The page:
Legislators are paid a salary of $24,000. This may not seem like a lot however consider that this is for a 100 day session (which includes in that count Saturdays, Sundays and Fridays when committee meetings or floor sessions are virtually never conducted and most have already left for home). Prorate that 100 days to the 260 days full time Arizonans work it equates to $62,400 per annum. Not bad, especially when considering that for many the legislature is a second job. Many of them have another career or are collecting at least one if not more, oft times government, retirements or own very successful businesses or charter schools for which they write the laws or all of the above.
But I digress, back to the per diem.
If nothing else, legislators should treat themselves by the same rules and standards which they impose on state employees.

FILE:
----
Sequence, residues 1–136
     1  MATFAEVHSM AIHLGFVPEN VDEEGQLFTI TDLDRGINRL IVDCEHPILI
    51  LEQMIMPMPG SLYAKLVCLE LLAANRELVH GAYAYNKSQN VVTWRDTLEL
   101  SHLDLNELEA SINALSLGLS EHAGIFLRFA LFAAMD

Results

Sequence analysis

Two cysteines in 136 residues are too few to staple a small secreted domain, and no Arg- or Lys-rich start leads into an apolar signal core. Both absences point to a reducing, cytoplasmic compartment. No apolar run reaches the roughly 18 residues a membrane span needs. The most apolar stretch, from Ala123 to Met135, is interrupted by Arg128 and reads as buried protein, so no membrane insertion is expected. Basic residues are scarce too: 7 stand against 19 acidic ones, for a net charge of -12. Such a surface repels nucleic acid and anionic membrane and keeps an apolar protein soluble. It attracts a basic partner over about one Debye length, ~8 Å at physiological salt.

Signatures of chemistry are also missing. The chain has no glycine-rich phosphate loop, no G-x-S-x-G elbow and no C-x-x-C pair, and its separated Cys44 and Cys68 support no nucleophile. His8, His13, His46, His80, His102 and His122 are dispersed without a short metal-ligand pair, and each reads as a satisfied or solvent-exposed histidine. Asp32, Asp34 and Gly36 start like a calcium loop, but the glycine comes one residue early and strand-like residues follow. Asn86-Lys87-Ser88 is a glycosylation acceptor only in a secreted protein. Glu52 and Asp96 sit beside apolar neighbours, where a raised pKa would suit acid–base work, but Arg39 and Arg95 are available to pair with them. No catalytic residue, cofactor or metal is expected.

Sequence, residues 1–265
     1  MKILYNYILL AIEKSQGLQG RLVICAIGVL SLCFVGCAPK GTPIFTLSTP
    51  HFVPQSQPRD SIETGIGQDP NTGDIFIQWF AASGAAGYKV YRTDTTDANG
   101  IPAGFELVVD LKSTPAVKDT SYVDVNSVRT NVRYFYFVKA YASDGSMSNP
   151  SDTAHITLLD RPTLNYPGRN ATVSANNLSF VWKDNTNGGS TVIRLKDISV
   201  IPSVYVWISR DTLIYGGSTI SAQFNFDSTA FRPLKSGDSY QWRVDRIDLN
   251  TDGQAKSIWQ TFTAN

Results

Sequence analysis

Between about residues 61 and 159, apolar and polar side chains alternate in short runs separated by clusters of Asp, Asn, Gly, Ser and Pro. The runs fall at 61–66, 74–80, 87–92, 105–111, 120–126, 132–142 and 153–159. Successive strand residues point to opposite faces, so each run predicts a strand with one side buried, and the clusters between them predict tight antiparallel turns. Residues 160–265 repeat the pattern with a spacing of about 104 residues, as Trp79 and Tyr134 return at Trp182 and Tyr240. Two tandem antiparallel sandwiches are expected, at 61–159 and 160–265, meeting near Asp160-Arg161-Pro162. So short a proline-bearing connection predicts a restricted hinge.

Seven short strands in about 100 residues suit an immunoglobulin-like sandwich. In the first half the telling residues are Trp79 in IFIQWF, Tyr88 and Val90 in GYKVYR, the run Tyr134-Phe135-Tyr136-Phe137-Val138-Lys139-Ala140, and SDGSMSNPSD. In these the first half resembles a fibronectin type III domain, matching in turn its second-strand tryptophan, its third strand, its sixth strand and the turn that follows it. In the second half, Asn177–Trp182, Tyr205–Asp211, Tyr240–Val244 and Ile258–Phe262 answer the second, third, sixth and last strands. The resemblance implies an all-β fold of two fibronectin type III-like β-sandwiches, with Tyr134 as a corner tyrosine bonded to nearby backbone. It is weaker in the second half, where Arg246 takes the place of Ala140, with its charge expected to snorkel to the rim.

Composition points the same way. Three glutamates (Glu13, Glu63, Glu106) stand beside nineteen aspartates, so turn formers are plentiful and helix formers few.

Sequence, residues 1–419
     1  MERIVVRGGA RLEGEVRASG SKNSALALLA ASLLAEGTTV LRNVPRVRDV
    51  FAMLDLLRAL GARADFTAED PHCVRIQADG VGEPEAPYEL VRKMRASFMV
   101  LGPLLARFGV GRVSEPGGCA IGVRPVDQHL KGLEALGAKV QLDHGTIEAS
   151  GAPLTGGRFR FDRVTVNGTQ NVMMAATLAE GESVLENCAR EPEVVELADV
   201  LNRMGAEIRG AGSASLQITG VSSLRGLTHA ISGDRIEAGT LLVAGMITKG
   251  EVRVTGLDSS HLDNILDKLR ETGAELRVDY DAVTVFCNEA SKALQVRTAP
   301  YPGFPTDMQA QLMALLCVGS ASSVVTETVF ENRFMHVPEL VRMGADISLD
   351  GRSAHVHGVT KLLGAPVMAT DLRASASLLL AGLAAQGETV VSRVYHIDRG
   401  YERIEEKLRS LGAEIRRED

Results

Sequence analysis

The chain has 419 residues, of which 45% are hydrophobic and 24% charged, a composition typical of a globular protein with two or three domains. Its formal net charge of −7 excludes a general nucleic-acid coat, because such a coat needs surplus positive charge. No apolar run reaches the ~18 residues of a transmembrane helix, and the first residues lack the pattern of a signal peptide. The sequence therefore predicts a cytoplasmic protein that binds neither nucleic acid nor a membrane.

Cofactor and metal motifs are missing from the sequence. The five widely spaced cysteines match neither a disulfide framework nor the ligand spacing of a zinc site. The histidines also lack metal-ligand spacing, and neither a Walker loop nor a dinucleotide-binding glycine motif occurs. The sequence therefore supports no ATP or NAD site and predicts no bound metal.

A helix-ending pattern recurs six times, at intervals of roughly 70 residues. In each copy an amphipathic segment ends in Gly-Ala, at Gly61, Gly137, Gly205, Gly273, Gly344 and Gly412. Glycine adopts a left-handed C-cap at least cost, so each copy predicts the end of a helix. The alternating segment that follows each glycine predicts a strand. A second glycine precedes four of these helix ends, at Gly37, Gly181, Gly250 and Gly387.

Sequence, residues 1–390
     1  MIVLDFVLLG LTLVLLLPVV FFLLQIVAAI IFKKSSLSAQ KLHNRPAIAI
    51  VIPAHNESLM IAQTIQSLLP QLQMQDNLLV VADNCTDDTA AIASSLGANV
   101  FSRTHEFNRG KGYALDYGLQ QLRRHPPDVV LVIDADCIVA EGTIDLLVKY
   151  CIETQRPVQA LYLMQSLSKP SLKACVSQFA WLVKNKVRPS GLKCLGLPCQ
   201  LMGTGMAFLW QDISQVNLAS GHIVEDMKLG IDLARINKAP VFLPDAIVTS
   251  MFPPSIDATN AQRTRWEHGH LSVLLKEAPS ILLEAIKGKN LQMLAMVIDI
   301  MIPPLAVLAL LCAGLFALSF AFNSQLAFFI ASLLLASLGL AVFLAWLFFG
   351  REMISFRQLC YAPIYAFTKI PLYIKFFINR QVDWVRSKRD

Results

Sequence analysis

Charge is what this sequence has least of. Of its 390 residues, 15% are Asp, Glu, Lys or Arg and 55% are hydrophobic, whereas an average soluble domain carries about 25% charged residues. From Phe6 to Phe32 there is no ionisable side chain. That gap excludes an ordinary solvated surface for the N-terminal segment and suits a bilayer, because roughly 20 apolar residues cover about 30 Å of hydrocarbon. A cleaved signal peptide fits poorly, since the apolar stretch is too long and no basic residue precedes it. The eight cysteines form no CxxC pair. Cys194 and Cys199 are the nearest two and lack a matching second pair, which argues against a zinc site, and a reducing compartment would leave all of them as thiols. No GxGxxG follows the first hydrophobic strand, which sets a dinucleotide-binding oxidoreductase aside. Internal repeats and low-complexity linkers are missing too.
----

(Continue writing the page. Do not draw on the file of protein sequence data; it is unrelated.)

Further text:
But wait, state employees are not entitled to meal allowances unless they are traveling on state business and then, if I’m not mistaken, must be outside a 50 miles radius to qualify for meal or travel allowances. They are not given a meal allowance to buy their daily lunch at their assigned work site (nor are they frequently, if ever, the guests of lobbyists) so neither should Maricopa legislators.
For those legislators outside Maricopa County, in addition to the meal allowance, they will all receive the same travel per diem, $151, regardless of how close or far they are from the Capitol. Whether they travel the 190 or so miles from Kingman in Mohave County or Sierra Vista in Cochise County and stay in Phoenix Monday through Thursday; or travel the 40 miles home nightly to Apache Junction in Pinal County or Black Canyon City in Yavapai County the per diem is the same.
A benefit, by the way, that is not provided to a Maricopa County legislator should he/she live in Gila Bend almost 70 miles from the Capitol. In my opinion the same 50 mile radius that applies to state employees should likewise apply to legislators regardless of their county of residence.